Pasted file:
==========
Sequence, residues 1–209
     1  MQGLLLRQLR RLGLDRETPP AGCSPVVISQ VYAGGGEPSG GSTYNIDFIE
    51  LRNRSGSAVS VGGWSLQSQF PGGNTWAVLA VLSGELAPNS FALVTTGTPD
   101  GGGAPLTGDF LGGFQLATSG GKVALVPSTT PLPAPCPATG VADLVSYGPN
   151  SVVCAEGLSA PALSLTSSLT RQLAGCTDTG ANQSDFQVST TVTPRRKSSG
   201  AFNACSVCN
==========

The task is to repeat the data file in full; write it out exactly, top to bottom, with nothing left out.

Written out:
Sequence, residues 1–209
     1  MQGLLLRQLR RLGLDRETPP AGCSPVVISQ VYAGGGEPSG GSTYNIDFIE
    51  LRNRSGSAVS VGGWSLQSQF PGGNTWAVLA VLSGELAPNS FALVTTGTPD
   101  GGGAPLTGDF LGGFQLATSG GKVALVPSTT PLPAPCPATG VADLVSYGPN
   151  SVVCAEGLSA PALSLTSSLT RQLAGCTDTG ANQSDFQVST TVTPRRKSSG
   201  AFNACSVCN